"Doppler" is even more dizzying if a bit more difficult to groove to. Alto and trumpet play a staccato/syncopated line as the guitar and tuba carve out independent lines that curl around each other. Crump and Reid hold a circular groove in some version of 9/8 beneath all of that, creating a psychedelic parade music or a soundtrack for your weirdest dream. Finlayson, Ellman, and Lehman again take turns in not-too-long phrases, cycling around one at a time. Lehman plays thrilling passages of double-time, Ellman manages to play with pure swing phrasing despite the jagged new jazz environment, and Finlayson embodies ease. Immediately after this tune, "Liquid" moves with a similar aesthetic, quick and light even as it becomes the most complex chart on Last Desert. Ellman's solo is his most compelling on the recording: full of blues phrasing and odd surprise, but never harsh. Then, over a B theme that is swaying like an ocean tide, Davila takes his best solo on the record—a tenor-register cry that sounds light and cloud-bound. Wow.

Interestingly, the band swings a good bit—finding ways to flow even across herky-jerky oddball rhythmic schemes. Usually, that sense of "jazz" phrasing is expressed in the soloists' easy, fluid playing against less elastic backings. But there is driving, uptempo swing on "Last Desert I", which begins with a section of written chamber jazz that mostly avoids a tonal center but then opens up into elastic joy. Crump's bass is the key, pushing the rhythm section into something that has a chewy, Mingus-like center. The band doesn't move in classic walking quarter notes at first. Ellman and Crump, who have played together for so long, are telepathic in a trio with Reid. But beneath Finlayson's fluttering statement, Crump shifts into double-time swing that could have come from a great record featuring Paul Chambers. The transitions are natural as can be. This is the new jazz without awkwardness.

There's also swing in the ballad-like opening track, "The Sip". Ellman and Crump could be Jim Hall and Ron Carter in the song album's opening moments—conversationally bringing in the cushion of the horns as Reid uses his brushes in support. The harmonies are beautiful but, sure, ambiguous. This is still the new jazz, but it is lovely in every respect, with the players straying from written lines in a lush, relaxed counterpoint of chatter. "Portals" also moves at ballad tempo in its start, allowing the guitar to lead as the horns work as a choral backing. After a Crump solo, however, Ellman takes his longest and most developed solo of the session, allowing the rhythm to get back to a fast swing tempo. Lehman and Finlayson are given a chance to chase each other around the block again, trading statements, as Crump pulses four to the floor.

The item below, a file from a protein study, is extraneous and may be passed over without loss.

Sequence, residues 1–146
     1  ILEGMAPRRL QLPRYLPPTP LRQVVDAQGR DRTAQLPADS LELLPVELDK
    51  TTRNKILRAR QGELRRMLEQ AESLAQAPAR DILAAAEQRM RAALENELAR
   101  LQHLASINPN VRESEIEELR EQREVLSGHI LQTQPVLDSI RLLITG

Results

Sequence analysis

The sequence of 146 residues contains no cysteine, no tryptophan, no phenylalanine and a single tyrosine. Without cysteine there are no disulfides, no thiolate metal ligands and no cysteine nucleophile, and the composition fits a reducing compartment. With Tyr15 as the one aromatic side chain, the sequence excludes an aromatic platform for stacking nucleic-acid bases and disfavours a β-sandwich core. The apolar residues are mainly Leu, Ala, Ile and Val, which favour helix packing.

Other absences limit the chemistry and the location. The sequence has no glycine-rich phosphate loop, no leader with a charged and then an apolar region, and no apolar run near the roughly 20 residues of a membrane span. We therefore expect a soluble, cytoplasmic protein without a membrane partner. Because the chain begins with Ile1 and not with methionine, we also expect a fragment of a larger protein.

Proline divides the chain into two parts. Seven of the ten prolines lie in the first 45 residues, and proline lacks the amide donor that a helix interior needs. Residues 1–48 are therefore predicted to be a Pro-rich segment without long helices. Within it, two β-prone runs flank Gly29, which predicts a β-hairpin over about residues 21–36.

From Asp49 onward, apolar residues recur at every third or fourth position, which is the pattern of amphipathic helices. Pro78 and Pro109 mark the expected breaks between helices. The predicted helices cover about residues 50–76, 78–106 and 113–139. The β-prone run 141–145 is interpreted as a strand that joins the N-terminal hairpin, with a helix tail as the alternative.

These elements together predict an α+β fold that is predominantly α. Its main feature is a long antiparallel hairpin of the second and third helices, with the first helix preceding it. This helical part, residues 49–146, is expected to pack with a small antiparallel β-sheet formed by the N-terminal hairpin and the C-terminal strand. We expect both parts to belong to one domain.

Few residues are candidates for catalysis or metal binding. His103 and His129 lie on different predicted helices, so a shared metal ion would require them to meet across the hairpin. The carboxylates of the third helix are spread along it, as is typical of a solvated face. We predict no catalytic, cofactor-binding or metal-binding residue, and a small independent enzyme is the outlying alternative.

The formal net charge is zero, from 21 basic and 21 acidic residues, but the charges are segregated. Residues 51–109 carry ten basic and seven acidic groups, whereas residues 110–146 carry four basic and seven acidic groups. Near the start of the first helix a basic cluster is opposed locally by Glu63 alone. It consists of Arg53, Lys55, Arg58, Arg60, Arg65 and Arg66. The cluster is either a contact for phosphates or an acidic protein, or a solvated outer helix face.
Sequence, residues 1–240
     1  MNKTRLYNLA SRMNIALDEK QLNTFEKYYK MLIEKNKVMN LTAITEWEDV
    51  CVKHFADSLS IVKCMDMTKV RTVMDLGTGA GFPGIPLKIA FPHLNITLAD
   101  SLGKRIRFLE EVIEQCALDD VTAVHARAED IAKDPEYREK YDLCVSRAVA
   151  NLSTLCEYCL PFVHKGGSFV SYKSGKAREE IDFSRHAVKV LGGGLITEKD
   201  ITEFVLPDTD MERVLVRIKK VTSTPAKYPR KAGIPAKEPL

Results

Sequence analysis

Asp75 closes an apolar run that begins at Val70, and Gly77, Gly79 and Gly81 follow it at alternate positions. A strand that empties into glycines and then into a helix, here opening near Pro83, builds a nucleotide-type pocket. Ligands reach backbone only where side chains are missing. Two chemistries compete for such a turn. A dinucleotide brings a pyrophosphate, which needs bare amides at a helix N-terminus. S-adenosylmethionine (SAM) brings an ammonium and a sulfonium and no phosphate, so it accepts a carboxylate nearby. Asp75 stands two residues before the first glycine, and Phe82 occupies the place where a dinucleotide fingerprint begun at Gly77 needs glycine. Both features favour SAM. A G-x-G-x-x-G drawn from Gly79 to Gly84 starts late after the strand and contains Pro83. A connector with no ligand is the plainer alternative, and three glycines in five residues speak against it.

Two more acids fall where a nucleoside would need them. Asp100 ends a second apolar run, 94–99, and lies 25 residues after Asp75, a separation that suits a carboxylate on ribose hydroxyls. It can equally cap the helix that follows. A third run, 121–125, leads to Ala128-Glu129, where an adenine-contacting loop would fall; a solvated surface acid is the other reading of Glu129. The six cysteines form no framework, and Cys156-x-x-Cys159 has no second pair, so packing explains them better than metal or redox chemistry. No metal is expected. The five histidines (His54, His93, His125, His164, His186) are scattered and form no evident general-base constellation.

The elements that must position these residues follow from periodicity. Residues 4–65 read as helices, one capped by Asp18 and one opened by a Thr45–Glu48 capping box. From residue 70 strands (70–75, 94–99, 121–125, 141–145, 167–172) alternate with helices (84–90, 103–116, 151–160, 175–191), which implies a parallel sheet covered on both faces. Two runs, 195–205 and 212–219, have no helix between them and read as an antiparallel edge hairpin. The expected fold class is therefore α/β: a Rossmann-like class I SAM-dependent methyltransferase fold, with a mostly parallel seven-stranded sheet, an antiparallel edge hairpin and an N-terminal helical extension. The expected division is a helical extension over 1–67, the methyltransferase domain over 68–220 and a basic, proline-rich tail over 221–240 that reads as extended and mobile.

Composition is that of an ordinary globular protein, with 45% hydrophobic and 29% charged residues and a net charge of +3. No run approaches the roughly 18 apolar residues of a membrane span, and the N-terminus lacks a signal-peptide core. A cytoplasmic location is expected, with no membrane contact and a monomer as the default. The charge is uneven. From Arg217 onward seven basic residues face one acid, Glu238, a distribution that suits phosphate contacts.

It is thematically fitting that there are so many sections of these performances in which the players seem to be racing in tandem. The title is a reference to the 4 Deserts ultra-marathon, which takes competitors through four forbidding terrains. Ellman's writing sets up his players to fly, most certainly, but it isn't a particularly forbidding environment. Unlike much of the new jazz—where the music borrows an acid edge from rock, a snarling cry from funk, and a taste for the atonal/dissonant from modern classical music—Ellman creates tunes that invite your ear even if the compositions are complex. As a result, the soloists are rarely inclined to scream or rattle, screech, or play far beyond the written harmonies.

The result, then, is a thrilling adventure but not a trial. The music demands that you pay careful attention, but not that you tolerate harsh tonalities. There is much to captivate and enough luxury along the way—so that the unusual structures and lack of bluesy resolutions don't seem like a detrimental void. The general influence of Henry Threadgill's writing is unmistakable, but Liberty Ellman puts a reasonable coating of icing on his boss's cake.

Last Desert is unafraid to charm you as well as challenge you.